If you are not a news junkie you are missing so much. In the span of a week, we saw the President’s lawyer’s office raided by the FBI, a doorman at Trump Tower claim he knows of a Trump love child, and the Speaker of the House announce his retirement. Oh, and the United States’ military bombed a foreign country.
Here’s some of what we’ve been reading on the Houston Rainbow Herald Facebook page.
Judge rules military can’t enact Trump’s transgender ban
Not so fast, Donald! “A federal judge has barred the federal government from implementing President Donald Trump’s ban on transgender members of the military,” reports Huffington.Post.com U.S. District Judge Marsha Pechman found that the ban had to be subject to a careful court review before implementation because of the history of discrimination against transgender individuals.
Pechman, of the Western District of Washington, ruled that transgender people were a protected class and that the injunctions against the implementation of the ban should remain in place. She wrote that there was a “long and well-recognized” history of discrimination and systemic oppression against transgender people, that discrimination against transgender people was clearly “unrelated to their ability to perform and contribute to society,” that transgender people have immutable characteristics and that they lacked relative political power.
Transgender people have long been forced to live in silence, or to come out and face the threat of overwhelming discrimination.
“The Court also rules that, because transgender people have long been subjected to systemic oppression and forced to live in silence, they are a protected class. Therefore, any attempt to exclude them from military service will be looked at with the highest level of care, and will be subject to the Court’s ‘strict scrutiny.’ This means that before defendants can implement the ban, they must show that it was sincerely motivated by compelling interests, rather than by prejudice or stereotype, and that it is narrowly tailored to achieve those interests,” Pechman wrote.
Houston ordered to pay attorney fees in anti-LGBT discrimination case
Win one, lose one. “A Houston district judge has ordered the city of Houston to pay attorney fees in Pidgeon v. Parker, the case filed by plaintiffs that want to prevent the city from offering benefits to employees married to same-sex spouses. The judge also rejected a motion to move the case to federal court,” writes David Taffet of DallasVoice.com.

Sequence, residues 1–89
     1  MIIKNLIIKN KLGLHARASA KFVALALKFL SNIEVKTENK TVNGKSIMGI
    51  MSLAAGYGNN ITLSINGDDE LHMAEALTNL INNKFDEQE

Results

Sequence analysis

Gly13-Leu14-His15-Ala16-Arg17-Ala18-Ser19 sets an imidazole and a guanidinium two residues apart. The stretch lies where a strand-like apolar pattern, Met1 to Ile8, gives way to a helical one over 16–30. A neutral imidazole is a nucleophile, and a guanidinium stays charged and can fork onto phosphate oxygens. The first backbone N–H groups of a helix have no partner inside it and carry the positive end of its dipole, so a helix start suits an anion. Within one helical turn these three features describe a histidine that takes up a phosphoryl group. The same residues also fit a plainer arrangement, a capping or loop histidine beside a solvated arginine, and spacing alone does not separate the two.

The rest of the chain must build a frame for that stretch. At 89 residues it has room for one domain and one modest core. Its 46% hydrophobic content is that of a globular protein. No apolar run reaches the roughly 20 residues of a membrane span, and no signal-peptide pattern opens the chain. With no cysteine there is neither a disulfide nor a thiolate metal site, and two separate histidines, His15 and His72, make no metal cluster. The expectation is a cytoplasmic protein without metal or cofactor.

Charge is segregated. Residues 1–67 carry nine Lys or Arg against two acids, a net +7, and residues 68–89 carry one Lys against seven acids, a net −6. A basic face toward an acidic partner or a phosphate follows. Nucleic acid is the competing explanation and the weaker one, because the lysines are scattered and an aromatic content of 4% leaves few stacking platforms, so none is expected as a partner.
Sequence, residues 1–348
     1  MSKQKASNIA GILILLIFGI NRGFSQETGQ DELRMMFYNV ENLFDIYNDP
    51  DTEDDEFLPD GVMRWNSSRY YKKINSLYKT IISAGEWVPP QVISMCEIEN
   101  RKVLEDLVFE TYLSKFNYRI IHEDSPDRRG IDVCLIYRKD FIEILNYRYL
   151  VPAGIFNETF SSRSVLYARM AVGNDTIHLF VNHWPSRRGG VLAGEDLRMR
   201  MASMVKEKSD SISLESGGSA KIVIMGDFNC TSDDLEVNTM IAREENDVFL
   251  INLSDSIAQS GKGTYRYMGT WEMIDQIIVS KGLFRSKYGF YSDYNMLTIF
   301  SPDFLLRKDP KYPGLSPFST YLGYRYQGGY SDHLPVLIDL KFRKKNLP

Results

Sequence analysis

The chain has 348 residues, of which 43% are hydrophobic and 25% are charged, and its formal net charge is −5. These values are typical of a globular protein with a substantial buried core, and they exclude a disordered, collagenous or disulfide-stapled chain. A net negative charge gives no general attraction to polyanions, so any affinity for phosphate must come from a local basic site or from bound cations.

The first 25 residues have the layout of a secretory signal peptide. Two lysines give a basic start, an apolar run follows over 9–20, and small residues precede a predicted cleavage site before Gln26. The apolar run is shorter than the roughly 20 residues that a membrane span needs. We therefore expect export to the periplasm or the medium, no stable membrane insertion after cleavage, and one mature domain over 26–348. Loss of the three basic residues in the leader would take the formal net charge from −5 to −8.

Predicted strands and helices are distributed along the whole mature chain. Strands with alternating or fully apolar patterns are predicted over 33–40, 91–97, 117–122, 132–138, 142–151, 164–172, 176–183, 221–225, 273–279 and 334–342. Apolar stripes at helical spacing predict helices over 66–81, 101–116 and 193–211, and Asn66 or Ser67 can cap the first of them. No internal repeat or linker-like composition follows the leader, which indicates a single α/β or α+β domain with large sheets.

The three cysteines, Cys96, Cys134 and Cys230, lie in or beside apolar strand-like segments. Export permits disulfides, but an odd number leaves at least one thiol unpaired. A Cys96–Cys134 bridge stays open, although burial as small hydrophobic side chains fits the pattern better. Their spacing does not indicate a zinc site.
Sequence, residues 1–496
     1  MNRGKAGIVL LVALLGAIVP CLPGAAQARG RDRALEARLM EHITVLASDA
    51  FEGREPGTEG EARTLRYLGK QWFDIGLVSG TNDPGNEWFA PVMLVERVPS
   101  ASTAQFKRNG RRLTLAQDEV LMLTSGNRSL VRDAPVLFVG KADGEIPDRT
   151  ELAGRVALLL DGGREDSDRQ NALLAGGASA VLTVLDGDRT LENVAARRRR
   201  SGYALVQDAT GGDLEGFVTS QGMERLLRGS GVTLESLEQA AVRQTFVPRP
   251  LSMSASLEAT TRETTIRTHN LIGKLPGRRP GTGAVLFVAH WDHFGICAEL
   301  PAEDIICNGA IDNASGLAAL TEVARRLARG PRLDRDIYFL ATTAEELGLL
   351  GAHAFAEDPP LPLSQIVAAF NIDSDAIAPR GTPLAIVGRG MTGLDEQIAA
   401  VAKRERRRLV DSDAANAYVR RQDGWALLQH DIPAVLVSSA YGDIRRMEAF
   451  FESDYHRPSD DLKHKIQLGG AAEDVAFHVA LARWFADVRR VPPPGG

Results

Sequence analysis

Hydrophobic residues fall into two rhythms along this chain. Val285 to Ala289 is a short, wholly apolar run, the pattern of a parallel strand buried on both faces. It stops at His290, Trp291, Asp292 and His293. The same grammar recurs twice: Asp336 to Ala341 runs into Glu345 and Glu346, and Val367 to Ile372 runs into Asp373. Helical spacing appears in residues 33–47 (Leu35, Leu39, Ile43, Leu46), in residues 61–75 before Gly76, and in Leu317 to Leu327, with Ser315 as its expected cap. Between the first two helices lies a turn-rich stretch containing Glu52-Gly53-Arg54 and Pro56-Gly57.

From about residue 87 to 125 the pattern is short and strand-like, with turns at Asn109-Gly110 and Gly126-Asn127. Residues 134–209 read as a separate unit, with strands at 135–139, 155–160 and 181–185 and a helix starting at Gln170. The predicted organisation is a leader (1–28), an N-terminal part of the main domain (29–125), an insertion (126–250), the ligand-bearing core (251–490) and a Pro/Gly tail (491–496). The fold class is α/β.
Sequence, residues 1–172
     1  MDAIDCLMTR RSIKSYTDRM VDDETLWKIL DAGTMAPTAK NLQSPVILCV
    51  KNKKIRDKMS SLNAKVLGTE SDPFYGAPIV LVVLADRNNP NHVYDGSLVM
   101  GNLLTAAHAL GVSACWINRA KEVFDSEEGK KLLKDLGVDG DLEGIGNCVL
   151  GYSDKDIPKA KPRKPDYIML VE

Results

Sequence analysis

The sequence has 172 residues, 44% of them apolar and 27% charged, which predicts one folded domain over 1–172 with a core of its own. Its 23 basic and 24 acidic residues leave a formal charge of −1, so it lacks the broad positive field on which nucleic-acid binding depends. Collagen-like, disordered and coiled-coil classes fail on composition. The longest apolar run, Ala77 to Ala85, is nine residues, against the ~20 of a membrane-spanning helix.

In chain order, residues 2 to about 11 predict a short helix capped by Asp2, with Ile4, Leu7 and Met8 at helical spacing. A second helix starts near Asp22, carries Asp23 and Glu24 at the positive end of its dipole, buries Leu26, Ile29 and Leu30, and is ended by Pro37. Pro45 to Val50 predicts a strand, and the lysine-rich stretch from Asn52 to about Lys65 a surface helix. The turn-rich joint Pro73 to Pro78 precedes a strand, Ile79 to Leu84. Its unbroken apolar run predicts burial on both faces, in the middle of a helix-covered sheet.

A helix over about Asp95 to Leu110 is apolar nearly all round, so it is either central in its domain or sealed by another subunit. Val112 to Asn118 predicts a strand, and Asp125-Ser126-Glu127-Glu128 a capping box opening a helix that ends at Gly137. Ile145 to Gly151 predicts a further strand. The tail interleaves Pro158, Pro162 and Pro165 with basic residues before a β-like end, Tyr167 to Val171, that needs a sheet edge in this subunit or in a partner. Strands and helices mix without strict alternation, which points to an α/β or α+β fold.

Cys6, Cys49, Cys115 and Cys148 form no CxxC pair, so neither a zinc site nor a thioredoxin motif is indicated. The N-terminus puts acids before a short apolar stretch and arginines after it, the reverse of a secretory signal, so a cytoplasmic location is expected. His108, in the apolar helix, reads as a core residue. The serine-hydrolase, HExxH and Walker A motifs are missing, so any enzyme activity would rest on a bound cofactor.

The article continues: “Attorneys for the city of Houston argued that equal access to marriage and all of its benefits was decided in the Obergefell decision and, therefore, the case had constitutional implications and should be heard in federal court. The judge said the city didn’t make its argument to move the case.
“The case began in 2013 when former mayor Anise Parker extended city benefits to same-sex partners. Two plaintiffs, an accountant and a pastor, sued claiming there was no fundamental right to taxpayer-funded benefits.
“Because the federal marriage equality ruling in 2015 gave same-sex couples the right marriage and all of its benefits, Houston tried to have the case moved to federal court. The district court ruled against the city saying it hadn’t proven that was the case had constitutional implications.
“The U.S. Supreme Court also refused to hear an appeal of the case after the Texas Supreme Court ruled that a right to marry doesn’t necessarily include the right to benefits and the Obergefell ruling wasn’t clear on the point. The first sentence of the Obergefell ruling is actually very clear on the point and includes the word benefits.
“Instead, on Tuesday, April 10, the court ruled against the city and ordered it to pay attorney fees for the plaintiffs. The plaintiffs were represented by Jonathan Saenz, who founded the anti-LGBT group Texas Values after his wife left him for a woman.
“A spokesman for current Houston Mayor Sylvester Turner said the city would continue to defend the rights of city employees to have equal access to benefits.”
Judge declares LGBT workers are protected from workplace discrimination
Now for the win. A federal judge in Texas said LGBT workers should be protected from employment discrimination based on their gender identity and sexual orientation, reports DallasMorningNews.com.
Judge Lee Rosenthal, the chief judge in the Houston-based Southern District Court of Texas, said in a recent decision that federal employment law protecting workers from discrimination based on sex also applies to sexual orientation and gender identity.
Look who’s dancing
It’s America’s sweetheart vs. the trailer park queen. Fresh off his Winter Olympics glory, Adam Rippon is heading to the dance floor as one of ten contestants of season 25 of Dancing With The Stars, reports HollywoodReporter.com
He will be competing against Tonya Harding who’s discovered newfound fame with the hit film.
Other cast members are: Arike Ogunbowale, Chris Mazdzer, Jamie Anderson, Jennie Finch Daigle, Johnny Damon, Josh Norman, Kareem Abdul-Jabbar and Mirai Nagasu.
Dancing With The Stars: Athletes kicks off on Monday, April 30, on ABC.
Johnny Trlica is the manager of the Houston Rainbow Herald Facebook page, your source for the latest LGBTQ news and information. Contact him at HRHeditor@gmail.com.